Reviewed by

Christopher Armstead

So I have this $5.00 VOD credit, like everybody else on the planet, and I figured it’s high time I used it on something. I could’ve watched anything. Maybe a classic like ‘Citizen Kane’ or ‘Casablanca’, or catch up on some hot new independent feature by a hot new independent director… but no… I had to watch this. I had to watch this because I’ve made it my mission to become a Brian Bosworth filmography completist. Why? Who the hell knows?

Our film, ‘Phase IV’, opens with a spirited car chase featuring a souped up Dodge Challenger chasing a Chevy Cavalier. Seems unfair. Also, if you’re trying to kill somebody via automobile, maybe a less conspicuous car than a lime green, 1969 Challenger on mag wheels isn’t the best choice. Nonetheless, the operators of this car run this kid off the road and drown him in the cold snowy lakes of Canada. Pretending to be Maine.

Now we meet ancient college journalism student and hopeful college footballer Simon Tate, as played by former Princeton Defensive Back Dean Cain. Tate has a bad knee that his good friend Doctor Ben Roanic (Stephen Coates) is helping him rehab so he can grab that last year of football eligibility. Simon has a history roids and stuff but we're not going to get into all of that, outside of the fact that The Boz let us know that ‘Steroids are bad for you’, which was pretty damn funny. But thing is that Doctor Roanic has observed that some his patients, part of a secret study involving something called Phase II, are dying mysteriously. He tries to warn one of these patients, Hallie Holt (Amy Kerr), daughter of potential U.S. Senator Diana Holt (Mimi Kuzyk) about her impending danger, but it’s too late. Worst still, super evil police detective Stephen Birnham (The Boz) has framed the doc for this crime.

What is Phase II? The doc won’t be able tell us much in a little bit, but his good friend, the journalism student / ex-athlete / ex-Navy SEAL is going to find out why his friend is no longer with us. What Simon will discover, in between kicking a lot of ass with his Navy SEAL skills and getting his bad knee constantly smashed in, is that there is an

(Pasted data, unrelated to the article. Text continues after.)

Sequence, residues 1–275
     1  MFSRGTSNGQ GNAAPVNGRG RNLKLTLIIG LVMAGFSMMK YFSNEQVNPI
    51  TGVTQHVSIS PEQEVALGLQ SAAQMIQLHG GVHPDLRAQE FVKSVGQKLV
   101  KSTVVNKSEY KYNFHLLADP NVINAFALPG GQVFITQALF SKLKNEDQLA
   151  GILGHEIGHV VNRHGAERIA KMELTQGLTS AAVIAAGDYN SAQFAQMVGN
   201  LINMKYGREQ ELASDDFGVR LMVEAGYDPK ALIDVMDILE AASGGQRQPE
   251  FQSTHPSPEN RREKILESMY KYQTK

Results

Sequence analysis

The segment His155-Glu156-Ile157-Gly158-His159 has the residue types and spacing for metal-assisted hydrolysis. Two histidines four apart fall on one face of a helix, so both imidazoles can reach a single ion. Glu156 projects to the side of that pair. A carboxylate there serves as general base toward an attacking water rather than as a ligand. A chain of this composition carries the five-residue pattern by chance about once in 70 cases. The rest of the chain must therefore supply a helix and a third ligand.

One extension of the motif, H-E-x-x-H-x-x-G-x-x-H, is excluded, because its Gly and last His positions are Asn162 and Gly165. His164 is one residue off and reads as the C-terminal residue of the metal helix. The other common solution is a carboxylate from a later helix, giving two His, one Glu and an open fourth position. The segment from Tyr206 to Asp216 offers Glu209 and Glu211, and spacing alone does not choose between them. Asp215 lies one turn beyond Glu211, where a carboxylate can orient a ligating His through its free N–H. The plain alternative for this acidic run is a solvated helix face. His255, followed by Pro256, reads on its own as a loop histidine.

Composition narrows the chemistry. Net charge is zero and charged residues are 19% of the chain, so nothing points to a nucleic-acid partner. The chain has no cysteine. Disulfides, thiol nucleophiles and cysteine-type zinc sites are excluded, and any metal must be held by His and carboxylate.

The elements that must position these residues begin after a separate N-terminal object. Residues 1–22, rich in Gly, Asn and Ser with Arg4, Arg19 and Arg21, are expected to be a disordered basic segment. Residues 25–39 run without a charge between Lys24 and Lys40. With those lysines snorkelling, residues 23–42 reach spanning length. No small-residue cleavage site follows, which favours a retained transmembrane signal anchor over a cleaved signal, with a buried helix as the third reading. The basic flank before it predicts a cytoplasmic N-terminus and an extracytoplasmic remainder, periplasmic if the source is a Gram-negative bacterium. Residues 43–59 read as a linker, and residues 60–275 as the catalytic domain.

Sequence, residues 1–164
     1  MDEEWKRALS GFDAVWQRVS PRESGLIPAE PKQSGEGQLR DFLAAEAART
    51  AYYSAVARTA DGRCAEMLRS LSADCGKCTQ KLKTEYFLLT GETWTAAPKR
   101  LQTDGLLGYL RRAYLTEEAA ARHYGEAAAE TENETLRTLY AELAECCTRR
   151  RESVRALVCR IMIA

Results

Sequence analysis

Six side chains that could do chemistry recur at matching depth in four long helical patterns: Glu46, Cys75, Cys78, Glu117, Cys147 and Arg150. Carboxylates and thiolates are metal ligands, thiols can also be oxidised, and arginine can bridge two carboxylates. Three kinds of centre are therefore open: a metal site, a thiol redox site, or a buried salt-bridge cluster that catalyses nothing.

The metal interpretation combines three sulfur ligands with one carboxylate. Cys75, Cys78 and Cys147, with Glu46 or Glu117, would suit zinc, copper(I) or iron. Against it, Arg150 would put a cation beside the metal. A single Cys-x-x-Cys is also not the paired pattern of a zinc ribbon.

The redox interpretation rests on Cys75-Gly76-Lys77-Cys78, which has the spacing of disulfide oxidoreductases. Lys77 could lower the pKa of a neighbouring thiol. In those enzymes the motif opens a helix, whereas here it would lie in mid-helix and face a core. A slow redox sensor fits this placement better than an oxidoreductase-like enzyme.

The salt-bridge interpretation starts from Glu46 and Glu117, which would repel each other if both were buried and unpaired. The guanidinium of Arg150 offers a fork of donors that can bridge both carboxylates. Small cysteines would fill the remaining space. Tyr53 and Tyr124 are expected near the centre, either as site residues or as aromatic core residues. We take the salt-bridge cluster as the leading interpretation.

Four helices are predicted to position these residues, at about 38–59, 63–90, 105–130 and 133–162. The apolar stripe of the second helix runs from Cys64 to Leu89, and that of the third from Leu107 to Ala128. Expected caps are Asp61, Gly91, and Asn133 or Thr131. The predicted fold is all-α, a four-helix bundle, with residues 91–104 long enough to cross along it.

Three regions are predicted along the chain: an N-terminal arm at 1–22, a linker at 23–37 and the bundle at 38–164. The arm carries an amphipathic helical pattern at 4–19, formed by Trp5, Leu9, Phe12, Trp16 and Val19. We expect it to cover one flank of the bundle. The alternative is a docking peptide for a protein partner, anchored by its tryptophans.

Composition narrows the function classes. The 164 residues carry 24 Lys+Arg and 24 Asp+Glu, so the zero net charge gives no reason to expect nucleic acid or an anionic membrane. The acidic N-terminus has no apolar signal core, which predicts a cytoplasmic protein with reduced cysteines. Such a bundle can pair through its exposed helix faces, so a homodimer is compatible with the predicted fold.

evil pharmaceutical company who knows, like we all know, that there is no profit in cure. The last thing that the pharmaceutical industry actually cured, to my knowledge, was Polio and soon after that a lot of Polio doctors and treatment centers were out of work. Screw that and never again and the conspiracy is on.

What exactly is evil Pharm Corp trying to hide? Oh… it is explosive. Literally. Simon, with the help of the senator who wants to know what happened to her daughter, will fight and fight and fight some more to get to the truth, clear his friends name and save his wife and baby girl. Yes, he has a wife and baby girl who only exist in this movie to be kidnapped.

Watching ‘Phase IV’, a film that was about as mediocre as it gets, which is far more than we expected, we see what went wrong with The Boz’s film career. His handlers spent all of this time trying to make the guy a hero, but with his narrow eyes, the fact his brow sits on top of these narrows beady eyes and his large forehead… The Boz was designed by God to be a heavy. He’s big and mean looking and ugly. The Boz would’ve stayed employed as an actor were he steered towards bad guy roles, like the role he had here in ‘Phase IV’. This is The Boz at the top his acting game.

The movie itself isn’t an all bad a mix of clever conspiracy and tired plot devices, even though I don’t think I ever discovered what Phase IV was. I think the evil senator played by Nigel Bennett, and actor who has made a mint playing bad guys, tried to explain it to me, but I just got confused and my head started hurting. The basic plot device is actually very good and well thought out. Director Bryan Goers does a fine job of stringing this plot along, dropping little bread crumbs along the way about what the big conspiracy might be all about. Dean Cain uses his former athleticism well, relentlessly kicking people in the chest over and over again and does a decent job as our hero.

Of course we do have to suffer through the rigmarole of kidnapped family members, people given information that you know full well is going to get them killed and lot of pure insanity such as CEO’s of big pharmacy companies personally going to people’s homes to kidnap them and hold them hostage. Among other things.

Another thing is that in the movies if you are a Ranger or a SEAL, then you know everything about everything. You know how to fly a plane, pick a lock, hotwire a car, perform minor heart surgery… We know this. Why couldn’t our Navy SEAL cut the right wire on the bomb that the poor college kid was strapped to? The kid told them everything they needed to know about the entire conspiracy, while strapped to this chair, then they left and let him blow up to death. What is up with that? But when our Navy SEAL needed to turn a football field into a complex electrocution grid of death, he had no problems with that. Poor college kid.

‘Phase IV’ was decent entertainment, made all the better by Brian Bosworth’s best performance ever. Even better than his appearance as a gay pirate in the movie ‘Rock Slyde’. Don’t ask.

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